4019 Atypical Antipsychotics and Anticholinergic Agents Mimicking Anaphylaxis

Saturday, 17 October 2015
Hall D1 Foyer (Floor 3) (Coex Convention Center)

Anthony Elias, BSc MD , Department of Clinical Immunology & Allergy, Royal North Shore Hospital, Sydney, Australia

Susannah Olivia Lauer, BSc , MD Student, Griffith University, Gold Coast, Australia

Dinh Van Nguyen, MD MM , Faculty of Medicine, The University of Sydney, Sydney, Australia

Sheryl Van Nunen, MB BS MM (Sleep Medicine) , Department of Clinical Immunology & Allergy, Royal North Shore Hospital, Sydney Medical School - Northern, University of Sydney, Sydney, Australia


Laryngeal dystonia is a rare, potentially fatal complication of therapy with atypical antipsychotics or anticholinergic agents. We report a case of laryngeal dystonia due to each of these agents, both of which were ascribed initially to anaphylaxis.

Case 1

A 28-year old man presented to an Emergency Department after progressively developing a sensation of severe throat swelling and slurred speech following ingestion of his regular ziprasidone. Intramuscular adrenaline was given without benefit for a putative diagnosis of anaphylaxis. His symptoms gradually resolved over hours. Mast cell tryptase levels were normal and allergen-specific IgE to temporally relevant allergens was undetectable. He reported a similar episode a decade prior after taking risperidone. Allergist review noted diagnostic criteria for anaphylaxis were lacking and ziprasidone had been taken after a night of excessive alcohol intake. His recurrent, atypical antipsychotic- induced laryngeal and pharyngeal dystonia was managed successfully by recommencing ziprasidone on condition that he avoided excessive alcohol and took the drug at a regular time.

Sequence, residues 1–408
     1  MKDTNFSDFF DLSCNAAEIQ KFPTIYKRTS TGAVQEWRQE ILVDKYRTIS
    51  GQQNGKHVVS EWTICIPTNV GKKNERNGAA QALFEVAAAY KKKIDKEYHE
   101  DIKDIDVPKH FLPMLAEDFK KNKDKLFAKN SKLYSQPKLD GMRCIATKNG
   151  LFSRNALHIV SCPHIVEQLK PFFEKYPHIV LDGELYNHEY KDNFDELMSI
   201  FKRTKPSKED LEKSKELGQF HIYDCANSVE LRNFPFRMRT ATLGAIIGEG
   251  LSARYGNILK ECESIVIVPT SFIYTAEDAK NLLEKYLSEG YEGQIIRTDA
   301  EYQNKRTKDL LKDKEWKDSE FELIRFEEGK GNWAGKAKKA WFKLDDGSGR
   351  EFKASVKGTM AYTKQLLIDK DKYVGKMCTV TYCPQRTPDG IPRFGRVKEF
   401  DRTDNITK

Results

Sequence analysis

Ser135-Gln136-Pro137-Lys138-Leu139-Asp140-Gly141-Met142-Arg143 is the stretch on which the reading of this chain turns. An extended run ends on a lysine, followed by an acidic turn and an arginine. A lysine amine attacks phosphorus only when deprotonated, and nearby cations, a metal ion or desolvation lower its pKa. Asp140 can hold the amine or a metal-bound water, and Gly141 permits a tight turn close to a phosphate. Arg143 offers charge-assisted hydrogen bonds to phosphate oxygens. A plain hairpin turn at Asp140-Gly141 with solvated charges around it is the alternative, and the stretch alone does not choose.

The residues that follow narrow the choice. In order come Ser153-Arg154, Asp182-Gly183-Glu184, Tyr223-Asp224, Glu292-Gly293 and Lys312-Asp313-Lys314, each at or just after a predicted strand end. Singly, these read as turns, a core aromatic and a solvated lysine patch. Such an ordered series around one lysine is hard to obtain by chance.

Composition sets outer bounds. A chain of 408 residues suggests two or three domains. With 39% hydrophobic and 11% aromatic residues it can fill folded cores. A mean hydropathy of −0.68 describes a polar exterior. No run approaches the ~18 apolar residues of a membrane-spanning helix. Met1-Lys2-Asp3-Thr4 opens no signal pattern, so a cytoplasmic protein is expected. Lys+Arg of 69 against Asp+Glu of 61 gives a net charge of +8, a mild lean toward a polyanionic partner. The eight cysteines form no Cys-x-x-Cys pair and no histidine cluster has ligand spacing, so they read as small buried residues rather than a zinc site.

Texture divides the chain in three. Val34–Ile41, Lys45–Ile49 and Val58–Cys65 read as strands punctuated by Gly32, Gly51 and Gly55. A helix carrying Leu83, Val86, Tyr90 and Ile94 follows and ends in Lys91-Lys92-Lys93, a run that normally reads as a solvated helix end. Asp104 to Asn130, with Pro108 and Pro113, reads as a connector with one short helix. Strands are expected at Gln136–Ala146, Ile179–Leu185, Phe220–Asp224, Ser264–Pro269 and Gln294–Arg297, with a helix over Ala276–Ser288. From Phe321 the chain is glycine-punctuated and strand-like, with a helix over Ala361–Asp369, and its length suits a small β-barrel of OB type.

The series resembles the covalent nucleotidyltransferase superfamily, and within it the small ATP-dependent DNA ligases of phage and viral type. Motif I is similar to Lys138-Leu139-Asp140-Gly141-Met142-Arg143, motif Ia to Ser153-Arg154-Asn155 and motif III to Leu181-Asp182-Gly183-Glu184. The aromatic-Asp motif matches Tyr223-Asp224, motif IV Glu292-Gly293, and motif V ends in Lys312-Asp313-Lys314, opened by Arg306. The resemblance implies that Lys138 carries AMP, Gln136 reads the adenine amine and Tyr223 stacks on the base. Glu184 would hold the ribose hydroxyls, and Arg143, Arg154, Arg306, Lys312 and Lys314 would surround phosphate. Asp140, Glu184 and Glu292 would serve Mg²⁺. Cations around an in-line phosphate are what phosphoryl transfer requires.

Case 2

A 26 year-old man presented to an Emergency Department with a sensation of throat and tongue swelling and voice hoarseness. He had earlier self-medicated with intra-muscular metoclopramide, intra-muscular prochlorperazine and oral ondansetron for intractable vomiting due to cyclical vomiting syndrome.  No evidence of haemodynamic compromise, urticaria or airway oedema was found. Promethazine & intravenous hydrocortisone were given for suspected anaphylaxis, followed by low dose midazolam aimed at laryngeal relaxation. His symptoms improved rapidly thereafter. Mast cell tryptase level was normal during the event and allergen-specific IgE to temporally relevant allergens was undetectable. A similar episode a few years previously followed self-administered large doses of metoclopramide. This case represents recurrent laryngeal dystonia in response to large doses of metoclopramide, possibly aggravated by co-administration of prochlorperazine. Fortuitously, the anticholinergic effect of the promethazine would have helped relieve the dystonia.   


Both previous reports of ziprasidone- induced laryngeal dystonia followed intramuscular use (Mellecheruvu et al. 2007). Our first case is the first report of orally administered ziprasidone causing laryngeal and pharyngeal dystonia. Our second case is the fourth report of metoclopramide-induced laryngeal dystonia. Given that the rightful emphasis is on first line treatment with adrenaline for anaphylaxis, awareness of the propensity for these drugs to provoke such reactions is crucial to timely specific treatment with anticholinergics, along with increased suspicion when predisposing factors (youth, male gender, alcohol ingestion, previous reactions) are present.